April 9, 2008 Edition

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Flood causes damage

Vivian Heyl
Staff Writer

For the fourth straight week flood advisories continue for Lawrence County. With yet another round of storms predicted by the National Weather Service, the county is in wait-and-see mode. The heaviest rainfall is predicted for Thursday and could bring as much as two to three additional inches of rainfall to already saturated land.

The Black River is still 10 feet above flood level, and Cache River is also flooding areas in Lawrence County.

County Judge Alex Latham said that there are still several miles of roads under water in the county, including nine miles along the Black River and six to seven along the Strawberry River.

"With more rain on the way it could be even longer before we can get into those areas to assess the damage to the roads," Latham said on Tuesday.

Mayor Bud McLaughlin of Black Rock said that Black River was going down on Tuesday and that all the streets in Black Rock were open. He also reported that Highway 25 was open between Black Rock and Powhatan but that it could easily flood again.

"Highway 25 is open but it's barely open. The water is still lapping at the sides of the road," McLaughlin said

FEMA assessing flood damage

The Federal Emergency Management Agency (FEMA) has been assessing flood damage in Lawrence County since last week. FEMA spokesman Bill Lehman said that 25 disaster-assistance registrations have been taken in Lawrence County since March 26 and 400 statewide. FEMA has paid $1.1 million dollars in grants to Arkansas residents so far.

"There are 65 homes in the state with damage ranging from minor to a total loss," Lehman said.

"FEMA disaster assistance is for those whose losses are not covered by insurance," he said. FEMA assistance is in the form of grants, which do not have to be repaid. Help is also available from The Small Business Administration in the form of loans.

Residents have 60 days from the time a disaster is declared to apply for help. Assessment teams are working to verify damage. Once a person has registered for assistance an inspector will inspect the premises and make a report. Only primary residences are eligible for assistance.

FEMA is in the process of setting up disaster recovery centers, which will make it easier for residents to apply for assistance. A center is expected to open in the Lawrence and Randolph County area in the next week or two. Those requesting assistance can also call 1-800-621-3362 or log onto FEMA's website at www.fema.gov.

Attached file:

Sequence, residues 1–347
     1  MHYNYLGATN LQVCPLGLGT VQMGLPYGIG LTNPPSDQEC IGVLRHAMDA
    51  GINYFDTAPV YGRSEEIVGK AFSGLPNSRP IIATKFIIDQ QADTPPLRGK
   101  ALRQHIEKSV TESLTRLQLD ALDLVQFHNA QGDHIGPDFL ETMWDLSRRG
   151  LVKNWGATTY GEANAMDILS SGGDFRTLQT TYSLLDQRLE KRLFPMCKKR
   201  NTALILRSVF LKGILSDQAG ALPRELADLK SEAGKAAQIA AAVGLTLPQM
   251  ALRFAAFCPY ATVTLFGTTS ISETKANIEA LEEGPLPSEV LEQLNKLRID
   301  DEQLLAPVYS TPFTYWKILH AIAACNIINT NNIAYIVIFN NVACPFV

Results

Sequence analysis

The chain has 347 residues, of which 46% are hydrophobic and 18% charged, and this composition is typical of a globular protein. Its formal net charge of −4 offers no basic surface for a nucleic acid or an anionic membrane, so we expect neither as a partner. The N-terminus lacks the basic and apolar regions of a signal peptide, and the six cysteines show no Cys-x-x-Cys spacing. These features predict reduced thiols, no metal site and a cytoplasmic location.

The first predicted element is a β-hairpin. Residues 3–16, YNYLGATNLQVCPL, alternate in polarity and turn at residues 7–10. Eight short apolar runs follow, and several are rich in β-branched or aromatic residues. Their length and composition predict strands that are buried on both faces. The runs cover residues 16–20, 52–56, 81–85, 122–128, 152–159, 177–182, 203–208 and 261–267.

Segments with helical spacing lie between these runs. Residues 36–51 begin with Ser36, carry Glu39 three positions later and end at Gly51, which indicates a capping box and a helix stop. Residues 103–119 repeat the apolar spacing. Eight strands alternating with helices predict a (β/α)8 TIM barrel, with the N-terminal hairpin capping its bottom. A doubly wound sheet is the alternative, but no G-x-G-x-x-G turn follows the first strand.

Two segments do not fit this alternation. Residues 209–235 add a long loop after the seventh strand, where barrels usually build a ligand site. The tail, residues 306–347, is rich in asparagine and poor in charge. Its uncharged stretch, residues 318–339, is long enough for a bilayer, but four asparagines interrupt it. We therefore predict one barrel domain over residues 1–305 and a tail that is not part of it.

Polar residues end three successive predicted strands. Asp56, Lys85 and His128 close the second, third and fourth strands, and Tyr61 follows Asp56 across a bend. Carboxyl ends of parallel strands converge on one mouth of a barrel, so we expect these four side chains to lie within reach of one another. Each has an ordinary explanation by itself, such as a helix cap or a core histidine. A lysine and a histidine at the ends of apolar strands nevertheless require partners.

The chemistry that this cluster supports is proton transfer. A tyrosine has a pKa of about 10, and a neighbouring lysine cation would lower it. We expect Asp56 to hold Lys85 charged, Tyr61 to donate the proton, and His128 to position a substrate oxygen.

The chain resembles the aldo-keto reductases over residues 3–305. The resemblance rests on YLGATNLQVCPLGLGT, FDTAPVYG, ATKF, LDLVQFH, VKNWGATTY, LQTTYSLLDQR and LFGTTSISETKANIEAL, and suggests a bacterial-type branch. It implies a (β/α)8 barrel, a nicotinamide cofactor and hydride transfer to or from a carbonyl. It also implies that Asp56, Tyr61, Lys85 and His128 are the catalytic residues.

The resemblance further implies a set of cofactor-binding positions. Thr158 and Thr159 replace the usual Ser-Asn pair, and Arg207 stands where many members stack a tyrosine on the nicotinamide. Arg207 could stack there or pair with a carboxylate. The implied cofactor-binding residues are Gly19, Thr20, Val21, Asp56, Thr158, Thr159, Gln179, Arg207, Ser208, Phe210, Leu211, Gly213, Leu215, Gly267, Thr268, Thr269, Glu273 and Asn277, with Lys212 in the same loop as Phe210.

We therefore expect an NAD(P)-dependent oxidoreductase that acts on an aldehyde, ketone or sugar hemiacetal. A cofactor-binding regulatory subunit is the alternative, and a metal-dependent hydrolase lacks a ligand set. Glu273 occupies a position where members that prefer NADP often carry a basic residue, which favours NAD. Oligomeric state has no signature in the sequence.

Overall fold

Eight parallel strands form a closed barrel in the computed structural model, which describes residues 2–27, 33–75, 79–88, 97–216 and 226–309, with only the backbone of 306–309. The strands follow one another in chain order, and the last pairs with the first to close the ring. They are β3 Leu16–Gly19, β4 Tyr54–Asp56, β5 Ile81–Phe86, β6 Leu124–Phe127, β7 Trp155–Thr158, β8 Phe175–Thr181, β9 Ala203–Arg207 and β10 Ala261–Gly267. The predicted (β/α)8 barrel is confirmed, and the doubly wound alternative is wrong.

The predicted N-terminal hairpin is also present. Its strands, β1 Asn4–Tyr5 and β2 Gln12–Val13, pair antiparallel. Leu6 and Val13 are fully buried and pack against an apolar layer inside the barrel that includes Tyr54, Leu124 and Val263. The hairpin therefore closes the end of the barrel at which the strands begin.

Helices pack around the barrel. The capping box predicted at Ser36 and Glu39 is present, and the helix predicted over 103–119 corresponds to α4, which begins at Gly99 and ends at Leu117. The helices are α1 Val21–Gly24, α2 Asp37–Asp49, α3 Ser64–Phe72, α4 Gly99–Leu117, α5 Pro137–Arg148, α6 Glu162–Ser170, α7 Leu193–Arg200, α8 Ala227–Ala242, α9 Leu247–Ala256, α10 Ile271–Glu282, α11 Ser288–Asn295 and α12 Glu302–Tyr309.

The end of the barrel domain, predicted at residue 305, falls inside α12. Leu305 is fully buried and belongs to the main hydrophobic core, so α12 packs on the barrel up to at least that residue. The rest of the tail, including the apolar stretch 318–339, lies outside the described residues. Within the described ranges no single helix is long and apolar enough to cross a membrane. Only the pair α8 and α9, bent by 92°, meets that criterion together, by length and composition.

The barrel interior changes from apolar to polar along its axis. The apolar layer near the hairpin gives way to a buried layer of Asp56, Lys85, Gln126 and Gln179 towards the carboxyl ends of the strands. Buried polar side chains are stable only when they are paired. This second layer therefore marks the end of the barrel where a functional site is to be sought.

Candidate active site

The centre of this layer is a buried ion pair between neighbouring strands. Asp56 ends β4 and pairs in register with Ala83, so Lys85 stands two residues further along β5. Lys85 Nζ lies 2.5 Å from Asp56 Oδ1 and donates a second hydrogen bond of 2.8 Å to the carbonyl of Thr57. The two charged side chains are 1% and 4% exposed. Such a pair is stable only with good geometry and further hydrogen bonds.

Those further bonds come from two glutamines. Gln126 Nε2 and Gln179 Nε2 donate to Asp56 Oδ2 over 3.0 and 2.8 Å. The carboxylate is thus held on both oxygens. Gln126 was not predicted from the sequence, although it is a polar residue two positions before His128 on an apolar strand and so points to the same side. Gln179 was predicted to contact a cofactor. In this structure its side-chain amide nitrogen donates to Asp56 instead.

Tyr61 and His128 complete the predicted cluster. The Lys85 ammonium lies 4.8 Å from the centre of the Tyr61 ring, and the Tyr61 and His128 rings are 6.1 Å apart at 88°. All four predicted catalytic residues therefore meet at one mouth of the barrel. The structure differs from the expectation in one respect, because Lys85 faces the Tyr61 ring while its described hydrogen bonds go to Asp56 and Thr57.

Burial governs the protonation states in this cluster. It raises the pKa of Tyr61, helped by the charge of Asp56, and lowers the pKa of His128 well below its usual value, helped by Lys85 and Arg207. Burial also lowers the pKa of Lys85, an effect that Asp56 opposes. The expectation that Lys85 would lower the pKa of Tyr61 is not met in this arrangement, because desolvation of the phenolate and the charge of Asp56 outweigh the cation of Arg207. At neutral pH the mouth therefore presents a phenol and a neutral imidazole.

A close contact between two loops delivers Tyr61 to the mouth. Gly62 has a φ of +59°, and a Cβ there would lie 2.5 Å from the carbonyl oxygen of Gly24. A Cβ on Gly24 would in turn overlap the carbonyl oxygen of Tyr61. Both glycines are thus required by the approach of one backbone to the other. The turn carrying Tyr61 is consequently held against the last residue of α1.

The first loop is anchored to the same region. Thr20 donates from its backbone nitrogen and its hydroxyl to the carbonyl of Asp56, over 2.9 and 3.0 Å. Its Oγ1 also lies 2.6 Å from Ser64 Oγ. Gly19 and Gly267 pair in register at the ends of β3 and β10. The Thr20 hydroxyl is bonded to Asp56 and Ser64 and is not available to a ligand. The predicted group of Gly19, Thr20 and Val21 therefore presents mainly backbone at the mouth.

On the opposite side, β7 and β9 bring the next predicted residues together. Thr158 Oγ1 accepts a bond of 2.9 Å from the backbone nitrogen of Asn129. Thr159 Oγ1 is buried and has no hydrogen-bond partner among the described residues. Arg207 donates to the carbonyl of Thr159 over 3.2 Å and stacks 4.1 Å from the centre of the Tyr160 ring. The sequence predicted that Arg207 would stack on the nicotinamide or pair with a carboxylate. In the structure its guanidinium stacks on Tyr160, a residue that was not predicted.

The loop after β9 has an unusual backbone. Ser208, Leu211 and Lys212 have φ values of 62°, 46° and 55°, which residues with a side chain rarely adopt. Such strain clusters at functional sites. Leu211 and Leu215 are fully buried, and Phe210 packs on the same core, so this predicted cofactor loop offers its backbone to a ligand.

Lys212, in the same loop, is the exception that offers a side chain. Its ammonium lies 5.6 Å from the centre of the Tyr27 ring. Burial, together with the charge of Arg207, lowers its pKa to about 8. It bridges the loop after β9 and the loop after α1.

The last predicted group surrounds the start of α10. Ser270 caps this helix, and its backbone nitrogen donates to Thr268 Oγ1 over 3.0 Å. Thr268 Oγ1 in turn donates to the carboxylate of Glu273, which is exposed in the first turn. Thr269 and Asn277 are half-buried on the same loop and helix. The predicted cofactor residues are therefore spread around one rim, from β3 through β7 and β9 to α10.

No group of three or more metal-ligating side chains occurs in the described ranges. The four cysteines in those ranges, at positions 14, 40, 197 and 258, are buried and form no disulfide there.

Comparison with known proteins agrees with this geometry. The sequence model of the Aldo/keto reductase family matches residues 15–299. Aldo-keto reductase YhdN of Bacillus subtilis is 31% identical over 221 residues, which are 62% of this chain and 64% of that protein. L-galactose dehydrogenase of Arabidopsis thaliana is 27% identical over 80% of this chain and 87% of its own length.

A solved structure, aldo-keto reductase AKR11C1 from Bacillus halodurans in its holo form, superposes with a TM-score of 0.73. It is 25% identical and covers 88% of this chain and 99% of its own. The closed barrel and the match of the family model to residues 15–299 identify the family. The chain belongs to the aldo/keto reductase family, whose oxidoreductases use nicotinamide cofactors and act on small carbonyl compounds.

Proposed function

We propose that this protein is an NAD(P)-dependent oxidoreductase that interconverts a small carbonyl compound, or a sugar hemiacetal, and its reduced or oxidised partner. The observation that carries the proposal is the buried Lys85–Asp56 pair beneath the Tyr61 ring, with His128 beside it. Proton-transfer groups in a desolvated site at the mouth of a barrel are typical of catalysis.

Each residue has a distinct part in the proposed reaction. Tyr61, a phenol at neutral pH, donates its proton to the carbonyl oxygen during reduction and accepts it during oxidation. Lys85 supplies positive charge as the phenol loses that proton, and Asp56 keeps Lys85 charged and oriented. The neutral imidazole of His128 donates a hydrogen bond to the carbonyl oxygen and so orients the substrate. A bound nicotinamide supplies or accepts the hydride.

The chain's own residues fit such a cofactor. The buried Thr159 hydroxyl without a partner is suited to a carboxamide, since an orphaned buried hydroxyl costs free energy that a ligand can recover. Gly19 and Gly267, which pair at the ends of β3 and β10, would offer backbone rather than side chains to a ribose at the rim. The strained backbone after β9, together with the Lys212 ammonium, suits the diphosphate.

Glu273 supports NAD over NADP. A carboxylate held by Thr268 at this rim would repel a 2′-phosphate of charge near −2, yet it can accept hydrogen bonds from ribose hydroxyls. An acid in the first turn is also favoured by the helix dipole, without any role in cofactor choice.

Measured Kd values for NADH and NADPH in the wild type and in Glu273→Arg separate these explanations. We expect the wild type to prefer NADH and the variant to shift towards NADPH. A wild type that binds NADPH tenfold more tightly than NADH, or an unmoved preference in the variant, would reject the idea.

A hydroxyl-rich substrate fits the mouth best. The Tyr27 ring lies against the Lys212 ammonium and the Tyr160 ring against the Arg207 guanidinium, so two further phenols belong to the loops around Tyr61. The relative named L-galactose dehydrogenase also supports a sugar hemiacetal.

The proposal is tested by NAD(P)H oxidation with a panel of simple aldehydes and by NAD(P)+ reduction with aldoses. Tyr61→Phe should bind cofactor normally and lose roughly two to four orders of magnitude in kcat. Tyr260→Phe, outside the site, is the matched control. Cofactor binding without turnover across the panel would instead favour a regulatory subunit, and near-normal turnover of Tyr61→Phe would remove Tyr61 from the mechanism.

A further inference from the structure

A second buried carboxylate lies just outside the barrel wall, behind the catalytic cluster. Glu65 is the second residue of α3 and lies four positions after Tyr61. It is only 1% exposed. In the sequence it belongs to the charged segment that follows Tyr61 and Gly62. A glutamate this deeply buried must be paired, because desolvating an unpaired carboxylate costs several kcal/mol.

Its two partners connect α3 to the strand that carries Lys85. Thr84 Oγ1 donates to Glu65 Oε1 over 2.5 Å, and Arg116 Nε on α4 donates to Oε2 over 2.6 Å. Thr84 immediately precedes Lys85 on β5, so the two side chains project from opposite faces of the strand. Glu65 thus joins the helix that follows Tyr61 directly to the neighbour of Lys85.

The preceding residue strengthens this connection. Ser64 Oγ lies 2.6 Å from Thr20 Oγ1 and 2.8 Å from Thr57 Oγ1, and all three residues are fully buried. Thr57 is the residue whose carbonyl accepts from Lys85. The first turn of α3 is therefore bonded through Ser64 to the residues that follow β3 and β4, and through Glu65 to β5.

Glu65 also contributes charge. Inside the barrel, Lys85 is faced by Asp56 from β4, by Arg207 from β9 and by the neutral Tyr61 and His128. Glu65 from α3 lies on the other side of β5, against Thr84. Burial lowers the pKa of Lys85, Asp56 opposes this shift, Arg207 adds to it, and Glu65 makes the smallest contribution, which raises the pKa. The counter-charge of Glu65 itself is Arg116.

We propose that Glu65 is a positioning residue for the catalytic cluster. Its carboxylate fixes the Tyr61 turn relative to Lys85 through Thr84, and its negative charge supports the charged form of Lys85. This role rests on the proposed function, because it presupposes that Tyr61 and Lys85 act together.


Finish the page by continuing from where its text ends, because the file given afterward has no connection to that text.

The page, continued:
FEMA grants are primarily for housing assistance, but the agency also accepts applications for help with transportation, clothing and medical expenses.

The county has also been declared a disaster area and is now eligible for federal money to help repair roads and bridges throughout the county. Even with the help the cost to the county will be steep.

"We're looking at $200,000 ? $250,000 in damages to our roads and bridges," Judge Latham said. "FEMA will pay only 75 percent of the costs for fixing the damage. The state is responsible for 12.5 percent of the repair costs and the rest of it must come from the county budget.

"We don't have the additional money in our budget. We didn't anticipate weeks of flooding. Fixing the roads is our first priority but the 12.5 percent will have to come from somewhere. Some other projects will have to be put on hold."

Farmers feeling the effects

Farmers have been particularly hard hit by the flood damage. Most of the wheat crop has been destroyed, and there has been very little corn or rice planted so far.

"Flooding has pushed everything behind schedule," said Herb Ginn, agricultural agent with the Lawrence County Extension Office. "Late planting will cause even more problems for farmers. They need to be getting into their fields soon. Corn is already near the planting deadline."

John Andrews, who farms land along the Cache River off Highway 412, said that floodwaters have washed away his field roads and caused extensive damage to precision-leveled farmland.

"If it would quit raining right now it would still be two weeks before I could get into the field," he said.

"We're already behind schedule. You can't wait. If you plant your crops late the yield is drastically reduced."

Production costs have been on the rise for farmers with the cost of diesel and fertilizer leading the way. According to the USDA website farm income nationwide is expected to have a 10-year high in 2008, but expense is also up and expected to exceed the last 10-year average by 34 percent.

"Agriculture is facing the highest input in history. The cost of diesel and fertilizer is at an all time high. Now we're getting hit over the head with this flood. This may not be the best time to be a farmer," Andrews said.

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